(originally published in The Lakewood Observer)
“The phenomenological world is not the bringing to explicit expression of a pre-existing being, but the laying down of being. Philosophy is not the reflection of a pre-existing truth, but, like art, the act of bringing truth into being.” – Maurice Merleau Ponty

It is the case and sadly so, that the larger portion of child’s play is stripped from the adult over the course of their maturation. We wander through the world as adults and we miss a lot. Fortunately, with a modest commitment of time there are any numbers of awareness softening calisthenics grown-ups may do to recover childlike capabilities.

Pick a block, any block. You’ll have to start as a beginner but your walking chops will be recovered quickly. This exercise requires about 120 seconds every day.
Start from a stop and walk the block slowly. Name what is perceived: “sidewalk slab,” “window,” “futon,” “sign,” person,” “slab,” “smile,” “window,” “door”. You get the idea. Do this once a day for several weeks and soon enough the naming will drop away. Let the block become your train of awareness. The only hard part is extracting the necessary 120 seconds every day. Do this for two minutes every day, do it for 30 days. See what results from giving up sixty minutes to this over the course of a month.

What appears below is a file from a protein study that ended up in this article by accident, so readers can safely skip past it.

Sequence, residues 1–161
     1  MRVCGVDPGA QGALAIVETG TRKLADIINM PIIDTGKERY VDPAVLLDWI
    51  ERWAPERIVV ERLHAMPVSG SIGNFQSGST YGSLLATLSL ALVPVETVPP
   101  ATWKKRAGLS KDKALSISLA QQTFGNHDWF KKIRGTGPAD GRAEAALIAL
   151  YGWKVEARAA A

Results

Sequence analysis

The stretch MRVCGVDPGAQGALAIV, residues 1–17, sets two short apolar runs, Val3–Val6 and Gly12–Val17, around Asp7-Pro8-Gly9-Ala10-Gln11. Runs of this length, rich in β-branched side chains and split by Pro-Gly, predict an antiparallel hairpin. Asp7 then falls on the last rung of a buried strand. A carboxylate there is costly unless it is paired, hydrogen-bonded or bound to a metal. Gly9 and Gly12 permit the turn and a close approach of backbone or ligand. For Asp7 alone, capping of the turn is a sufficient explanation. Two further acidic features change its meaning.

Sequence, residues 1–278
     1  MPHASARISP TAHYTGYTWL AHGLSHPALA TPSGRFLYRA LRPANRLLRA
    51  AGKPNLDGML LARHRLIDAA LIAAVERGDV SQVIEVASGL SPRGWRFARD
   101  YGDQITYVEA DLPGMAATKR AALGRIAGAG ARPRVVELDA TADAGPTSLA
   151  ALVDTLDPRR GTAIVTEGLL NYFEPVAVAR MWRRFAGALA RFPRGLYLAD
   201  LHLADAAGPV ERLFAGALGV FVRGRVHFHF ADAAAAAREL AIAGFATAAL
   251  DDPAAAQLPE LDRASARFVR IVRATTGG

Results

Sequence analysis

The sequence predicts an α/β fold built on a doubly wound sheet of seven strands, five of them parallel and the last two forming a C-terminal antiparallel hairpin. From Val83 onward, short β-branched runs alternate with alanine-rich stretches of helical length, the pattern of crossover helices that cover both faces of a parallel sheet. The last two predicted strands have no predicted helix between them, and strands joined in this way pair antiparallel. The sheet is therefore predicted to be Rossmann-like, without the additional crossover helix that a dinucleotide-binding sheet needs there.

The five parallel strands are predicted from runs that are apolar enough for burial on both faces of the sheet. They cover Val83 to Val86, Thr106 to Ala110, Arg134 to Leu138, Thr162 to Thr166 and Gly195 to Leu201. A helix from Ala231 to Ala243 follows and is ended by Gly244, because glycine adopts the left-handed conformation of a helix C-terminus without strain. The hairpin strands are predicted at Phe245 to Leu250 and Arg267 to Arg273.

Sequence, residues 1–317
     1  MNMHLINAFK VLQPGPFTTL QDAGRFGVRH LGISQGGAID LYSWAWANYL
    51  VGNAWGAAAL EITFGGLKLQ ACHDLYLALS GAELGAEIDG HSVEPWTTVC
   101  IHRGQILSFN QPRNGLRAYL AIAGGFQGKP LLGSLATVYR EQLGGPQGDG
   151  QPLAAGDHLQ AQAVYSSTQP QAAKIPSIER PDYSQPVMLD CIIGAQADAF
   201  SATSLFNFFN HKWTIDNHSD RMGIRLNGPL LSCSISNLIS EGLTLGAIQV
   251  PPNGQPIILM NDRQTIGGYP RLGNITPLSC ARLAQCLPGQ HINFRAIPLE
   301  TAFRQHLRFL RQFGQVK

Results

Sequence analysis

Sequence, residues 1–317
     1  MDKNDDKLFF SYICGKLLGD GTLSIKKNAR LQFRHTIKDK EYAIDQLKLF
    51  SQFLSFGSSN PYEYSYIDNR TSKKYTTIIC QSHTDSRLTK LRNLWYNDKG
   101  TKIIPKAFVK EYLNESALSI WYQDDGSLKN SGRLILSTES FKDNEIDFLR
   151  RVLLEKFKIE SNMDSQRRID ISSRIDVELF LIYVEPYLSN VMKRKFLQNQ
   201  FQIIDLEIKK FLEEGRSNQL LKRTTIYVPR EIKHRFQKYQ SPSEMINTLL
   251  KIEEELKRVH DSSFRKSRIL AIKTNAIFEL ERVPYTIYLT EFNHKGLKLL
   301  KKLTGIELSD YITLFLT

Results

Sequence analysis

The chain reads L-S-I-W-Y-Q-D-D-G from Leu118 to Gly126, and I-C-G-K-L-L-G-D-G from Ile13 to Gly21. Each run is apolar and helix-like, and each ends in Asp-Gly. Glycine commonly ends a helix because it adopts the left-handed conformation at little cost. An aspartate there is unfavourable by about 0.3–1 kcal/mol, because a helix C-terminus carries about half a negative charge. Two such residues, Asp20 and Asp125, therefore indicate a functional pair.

Buy nine rubber balls and be sure to test them. They must be bouncy enough to bounce right back into your hands. This exercise requires five minutes three times a week. Also, you’ll need to find two neighbors to join you. Yes, they can be your roommates if need be!
Pick a time and stand at the end of your front walk and, with your two companions, bounce the balls for five minutes. It is almost a sure bounce that after several weeks of doing this other persons will want to join you. This is what the other balls are for. If you approach this with any discipline at all, over the course of several months, you may find most of your block has joined the bounce. (If you need more balls, go buy ’em!) Enjoy what results.

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